The development of a mission-critical data center facility requires extremely thorough and judicious site selection, particularly when providing colocation services.
CyrusOne’s site selection model takes into account more than 60 elements for consideration.
The biggest challenge for data center providers in choosing a new site is filtering through the vast number and variety of sites available. This is why CyrusOne’s site-selection model takes into account more than 60 elements for consideration. And while each of these factors demands attention, the following 10 items are among the most critical to consider.
- Utility Availability and Consumption Costs: While today’s data centers are more energy efficient than ever before, running a mission-critical infrastructure calls for a considerable amount of energy. Selecting a data center site requires not only affordable and predictable utility rates but also the capacity to meet long-term demands. Special consideration also needs to be given to the availability and pricing of water and sewerage.
- Climate/Natural Disasters: When selecting a geographic location for a data center facility, companies often evaluate the probability for natural disasters or other obstructive acts of regional climate. Equally important are the environmental impacts of a given location, such as average temperature and humidity, as these have a direct impact on operating costs for the lifetime of your facility.
- Tax Regimes: Local and state tax policies can have a dynamic impact on a data center’s ongoing operating costs. Due to the capital-intensive nature of data centers, property taxes can either inhibit or encourage real estate improvements and investment in equipment. The tax apportionment structure of corporate income tax rates is another consideration with material impact. In this case, many data center companies seek states with single-sales-factor apportionment. Specifically, sales taxes are critical to the establishment and ongoing development of data centers. States with minimal or average sales tax rates that do not apply to a variety of purchase types are highly desirable.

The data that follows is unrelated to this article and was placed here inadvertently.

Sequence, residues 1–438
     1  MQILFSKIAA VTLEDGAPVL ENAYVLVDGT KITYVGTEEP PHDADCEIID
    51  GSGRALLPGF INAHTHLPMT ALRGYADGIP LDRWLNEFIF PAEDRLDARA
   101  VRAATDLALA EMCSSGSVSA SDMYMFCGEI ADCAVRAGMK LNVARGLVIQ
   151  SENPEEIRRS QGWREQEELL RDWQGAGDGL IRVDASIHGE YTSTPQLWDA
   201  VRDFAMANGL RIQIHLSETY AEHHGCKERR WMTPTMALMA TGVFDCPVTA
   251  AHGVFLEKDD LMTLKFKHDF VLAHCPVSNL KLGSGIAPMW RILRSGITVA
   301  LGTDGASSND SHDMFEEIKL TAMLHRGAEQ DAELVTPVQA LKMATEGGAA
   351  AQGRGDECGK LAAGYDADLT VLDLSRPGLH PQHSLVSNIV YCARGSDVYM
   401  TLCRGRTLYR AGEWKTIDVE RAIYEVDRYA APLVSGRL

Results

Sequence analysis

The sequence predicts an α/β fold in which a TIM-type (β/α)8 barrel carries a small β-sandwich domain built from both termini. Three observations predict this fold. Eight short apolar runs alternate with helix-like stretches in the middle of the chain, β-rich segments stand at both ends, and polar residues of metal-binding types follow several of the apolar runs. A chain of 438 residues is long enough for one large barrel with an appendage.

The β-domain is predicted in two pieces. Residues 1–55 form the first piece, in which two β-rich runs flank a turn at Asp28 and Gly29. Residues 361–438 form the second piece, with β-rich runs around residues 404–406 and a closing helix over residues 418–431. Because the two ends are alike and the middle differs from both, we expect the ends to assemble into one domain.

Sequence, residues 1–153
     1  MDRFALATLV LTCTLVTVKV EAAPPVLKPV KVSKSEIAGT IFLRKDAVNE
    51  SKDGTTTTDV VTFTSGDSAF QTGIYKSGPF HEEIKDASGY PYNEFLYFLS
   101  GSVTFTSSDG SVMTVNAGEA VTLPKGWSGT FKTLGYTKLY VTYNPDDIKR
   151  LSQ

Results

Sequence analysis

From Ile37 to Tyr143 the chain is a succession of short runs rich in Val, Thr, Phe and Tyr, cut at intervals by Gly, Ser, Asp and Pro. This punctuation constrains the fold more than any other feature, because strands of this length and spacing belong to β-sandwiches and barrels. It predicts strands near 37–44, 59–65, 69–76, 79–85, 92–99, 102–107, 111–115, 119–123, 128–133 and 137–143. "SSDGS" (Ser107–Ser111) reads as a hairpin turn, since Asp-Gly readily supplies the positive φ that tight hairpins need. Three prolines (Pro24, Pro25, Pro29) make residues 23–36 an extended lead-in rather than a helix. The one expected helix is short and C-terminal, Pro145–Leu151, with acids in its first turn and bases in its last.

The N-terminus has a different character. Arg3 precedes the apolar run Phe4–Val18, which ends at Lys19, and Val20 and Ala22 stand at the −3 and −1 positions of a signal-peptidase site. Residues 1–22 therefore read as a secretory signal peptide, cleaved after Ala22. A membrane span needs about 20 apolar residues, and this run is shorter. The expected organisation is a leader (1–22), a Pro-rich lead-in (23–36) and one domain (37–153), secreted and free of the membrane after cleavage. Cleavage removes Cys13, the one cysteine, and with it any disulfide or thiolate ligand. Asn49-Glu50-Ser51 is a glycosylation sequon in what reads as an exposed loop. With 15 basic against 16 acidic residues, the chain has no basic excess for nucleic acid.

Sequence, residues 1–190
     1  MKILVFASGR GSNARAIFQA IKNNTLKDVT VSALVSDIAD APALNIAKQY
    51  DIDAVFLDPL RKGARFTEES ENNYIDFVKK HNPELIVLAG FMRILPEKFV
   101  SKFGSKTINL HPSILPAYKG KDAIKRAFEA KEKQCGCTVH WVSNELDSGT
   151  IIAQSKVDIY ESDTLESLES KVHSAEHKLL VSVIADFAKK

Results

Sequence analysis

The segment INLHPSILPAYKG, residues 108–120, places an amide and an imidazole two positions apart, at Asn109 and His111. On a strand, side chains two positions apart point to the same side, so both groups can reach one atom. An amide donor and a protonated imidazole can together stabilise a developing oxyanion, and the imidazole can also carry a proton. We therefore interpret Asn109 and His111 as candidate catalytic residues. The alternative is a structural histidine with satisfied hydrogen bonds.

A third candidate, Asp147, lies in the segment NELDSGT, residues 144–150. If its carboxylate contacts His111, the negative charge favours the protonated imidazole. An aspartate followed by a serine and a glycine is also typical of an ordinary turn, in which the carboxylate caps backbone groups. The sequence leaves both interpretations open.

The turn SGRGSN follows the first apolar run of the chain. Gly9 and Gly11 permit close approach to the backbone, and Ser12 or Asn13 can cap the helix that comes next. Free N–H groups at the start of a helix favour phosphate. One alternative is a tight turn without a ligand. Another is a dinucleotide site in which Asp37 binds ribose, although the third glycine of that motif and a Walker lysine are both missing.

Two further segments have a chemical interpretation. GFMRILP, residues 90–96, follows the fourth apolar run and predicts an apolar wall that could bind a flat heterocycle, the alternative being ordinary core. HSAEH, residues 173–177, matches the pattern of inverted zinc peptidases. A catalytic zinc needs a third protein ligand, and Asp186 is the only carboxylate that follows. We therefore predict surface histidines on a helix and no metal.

- Construction and Labor Considerations: The cost, quality, and availability of labor have a material influence on data centers and their operating costs. It is important to select a geography that is known for an educated and cost-effective labor force. This applies to initial and ongoing construction projects as well as the day-to-day maintenance and labor involved in the upkeep and security of a data center facility. Identifying this type of skilled personnel is crucial to upholding standards for customer service and ensuring long-term business growth.
- Connectivity to Telecommunications Framework: The nature and purpose of a data center is deeply tied to telecommunications and requires a redundant infrastructure through the convenience of multiple connection points. A data center’s proximity to vital telecom “trunk” lines and national carriers is crucial to the performance and successful operation of a data center.